Tier 1 suppliers call GM the worst OEM to work with

According to a survey from Tier 1 automotive suppliers, of all of the automakers in US, General Motors is the worst to work for. However, take a look at the recent dramas GM has got itself into: the ignition switch recall and the scandal behind it. I have written a blogpost about this scandal in the past. There are indications that GM approved the design of the ignition switch although it did not meet the standards in 2002. This is not the type of company people want to buy cars from. I would think the responsibility for the recall should fall on GM and NHTSA because both organizations were aware of this matter long before the recall and neither decided to do anything until this year. Most suppliers have issues with communications and they question GM’s integrity. Among GM’s competitors, Chrysler finished the fifth in the survey and Ford finished the third. Within the expectation, international competitors, Toyota and Honda, are the first and second place.

General MotorsI think automaker-supplier relationship is a very interesting aspect that I never noticed. The increasing popularity of international automakers (mostly Japanese) among the market of suppliers might signify a more international friendly automaker-supplier relationship as contrast to a deteriorating relationship between US automaker and suppliers.

5 comments to Tier 1 suppliers call GM the worst OEM to work with

  • mayolj16

    The tier 1 suppliers were something almost unknown to me at the beginning of this class; now it is really interesting to see the relationships between these and the car manufacturers. With problems like the recalls these two would always try to blame eachother to protect their reputations and or against liabilities in case of accidents. But, in the end these two industries need eachother to succeed.

  • Zachary Durkin

    I’m not sure how much it matters whether or not the suppliers like the OEMs. Suppliers need the business, regardless of how enjoyable the business is with the OEM. It’s interesting to see the dynamics of these business relationships, however.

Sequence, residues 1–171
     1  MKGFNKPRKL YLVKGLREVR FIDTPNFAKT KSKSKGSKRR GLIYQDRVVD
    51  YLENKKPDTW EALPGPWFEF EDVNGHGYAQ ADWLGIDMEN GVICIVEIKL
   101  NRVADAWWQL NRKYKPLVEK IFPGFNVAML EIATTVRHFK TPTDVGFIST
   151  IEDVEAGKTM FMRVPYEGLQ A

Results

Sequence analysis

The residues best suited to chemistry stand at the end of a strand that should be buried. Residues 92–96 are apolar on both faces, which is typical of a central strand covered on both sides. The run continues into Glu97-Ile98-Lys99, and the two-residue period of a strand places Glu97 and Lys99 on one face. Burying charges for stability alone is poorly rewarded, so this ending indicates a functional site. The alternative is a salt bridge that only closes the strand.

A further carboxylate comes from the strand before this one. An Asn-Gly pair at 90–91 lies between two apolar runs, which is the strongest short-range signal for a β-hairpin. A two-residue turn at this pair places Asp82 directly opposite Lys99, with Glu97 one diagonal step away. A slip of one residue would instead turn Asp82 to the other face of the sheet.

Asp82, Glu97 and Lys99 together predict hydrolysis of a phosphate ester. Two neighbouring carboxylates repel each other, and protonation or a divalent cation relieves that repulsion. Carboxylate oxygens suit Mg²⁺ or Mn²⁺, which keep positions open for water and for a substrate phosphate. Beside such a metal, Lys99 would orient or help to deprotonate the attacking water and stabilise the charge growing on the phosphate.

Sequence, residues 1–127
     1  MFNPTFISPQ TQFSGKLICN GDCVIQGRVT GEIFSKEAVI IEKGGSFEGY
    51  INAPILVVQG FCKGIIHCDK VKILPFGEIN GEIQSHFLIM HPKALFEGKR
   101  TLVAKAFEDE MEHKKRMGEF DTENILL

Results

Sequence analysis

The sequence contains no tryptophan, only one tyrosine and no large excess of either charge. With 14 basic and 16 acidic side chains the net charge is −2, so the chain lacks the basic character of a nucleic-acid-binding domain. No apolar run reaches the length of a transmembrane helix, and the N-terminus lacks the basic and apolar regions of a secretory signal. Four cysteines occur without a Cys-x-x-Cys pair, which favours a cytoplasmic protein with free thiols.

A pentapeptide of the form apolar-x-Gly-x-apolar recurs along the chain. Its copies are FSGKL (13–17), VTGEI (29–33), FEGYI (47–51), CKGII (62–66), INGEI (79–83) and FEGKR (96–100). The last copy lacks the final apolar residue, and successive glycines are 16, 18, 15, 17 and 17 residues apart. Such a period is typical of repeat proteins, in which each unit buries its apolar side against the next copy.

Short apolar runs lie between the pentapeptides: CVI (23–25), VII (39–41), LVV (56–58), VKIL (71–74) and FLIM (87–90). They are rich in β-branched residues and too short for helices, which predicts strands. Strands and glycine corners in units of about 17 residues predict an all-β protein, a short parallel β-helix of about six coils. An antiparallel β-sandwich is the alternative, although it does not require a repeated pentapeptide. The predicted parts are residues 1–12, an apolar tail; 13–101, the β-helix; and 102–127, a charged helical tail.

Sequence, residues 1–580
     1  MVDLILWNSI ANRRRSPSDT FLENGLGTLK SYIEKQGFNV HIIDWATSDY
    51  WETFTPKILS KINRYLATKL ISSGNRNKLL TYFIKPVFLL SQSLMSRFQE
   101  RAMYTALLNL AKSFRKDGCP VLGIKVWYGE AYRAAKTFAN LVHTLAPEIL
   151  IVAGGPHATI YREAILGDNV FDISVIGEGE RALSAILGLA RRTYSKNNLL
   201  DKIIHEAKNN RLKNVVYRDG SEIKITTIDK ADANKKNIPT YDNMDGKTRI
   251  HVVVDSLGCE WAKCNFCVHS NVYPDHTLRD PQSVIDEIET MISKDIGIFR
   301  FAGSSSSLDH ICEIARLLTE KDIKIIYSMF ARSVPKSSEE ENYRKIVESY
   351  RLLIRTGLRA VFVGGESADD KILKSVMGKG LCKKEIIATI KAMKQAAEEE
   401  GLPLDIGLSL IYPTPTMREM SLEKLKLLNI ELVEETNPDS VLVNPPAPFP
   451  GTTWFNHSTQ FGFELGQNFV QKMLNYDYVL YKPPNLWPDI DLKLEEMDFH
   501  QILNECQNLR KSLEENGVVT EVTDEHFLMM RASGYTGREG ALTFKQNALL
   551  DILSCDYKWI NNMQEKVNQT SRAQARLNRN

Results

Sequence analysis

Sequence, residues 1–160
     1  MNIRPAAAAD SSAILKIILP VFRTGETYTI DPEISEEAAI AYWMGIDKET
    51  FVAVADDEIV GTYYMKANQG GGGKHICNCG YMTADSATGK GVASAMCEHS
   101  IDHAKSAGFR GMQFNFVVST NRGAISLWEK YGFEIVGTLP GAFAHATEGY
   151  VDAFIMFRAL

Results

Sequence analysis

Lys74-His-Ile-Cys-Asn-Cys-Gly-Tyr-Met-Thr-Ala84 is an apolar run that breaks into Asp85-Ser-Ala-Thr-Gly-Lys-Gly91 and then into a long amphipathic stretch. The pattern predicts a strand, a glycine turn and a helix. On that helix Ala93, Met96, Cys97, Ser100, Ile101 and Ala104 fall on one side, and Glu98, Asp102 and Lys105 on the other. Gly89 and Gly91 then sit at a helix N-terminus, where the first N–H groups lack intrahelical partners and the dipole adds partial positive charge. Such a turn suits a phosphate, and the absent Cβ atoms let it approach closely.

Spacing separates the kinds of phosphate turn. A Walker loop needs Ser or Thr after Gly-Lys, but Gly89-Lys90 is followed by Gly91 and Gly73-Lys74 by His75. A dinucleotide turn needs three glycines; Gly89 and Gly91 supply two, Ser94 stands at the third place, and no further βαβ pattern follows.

• Jier Qiu

    I think the problem for the Detroit 3, especially for GM, is not that suppliers not working with them. It’s about the cost. Most American automakers, when compared with European carmakers, is competitive in their pricing. If this relationship keeps going south, suppliers might become hard to negotiate price and that will affect GMs’ pricing strategies of their cars.

  • Kade Kenlon

    It would be tough for a Tier 1 supplier to respond to an OEM in a way where they could fight back without the OEM going elsewhere to purchase their parts. The OEM has the power in this case. The suppliers only have a few customers so losing one would be a major hit to their revenue. Although GM may be a real nuisance to deal with, the suppliers don’t really have many options.

  • Louis Ike

    In response to some comments saying that the tier 1 suppliers are at the mercy of the OEM’s I beg a bit of a difference there. In most cases these suppliers, like Borg Warner, have a very diversified portfolio of companies they service, yet the OEM’s receive crucial parts for their vehicles from a market of only one or two suppliers. Therefore, I am of the opinion that in fact Tier 1 suppliers do hold a deal of clout when bargaining with OEM’s, and the relationship maintained between the two is certainly important to both companies.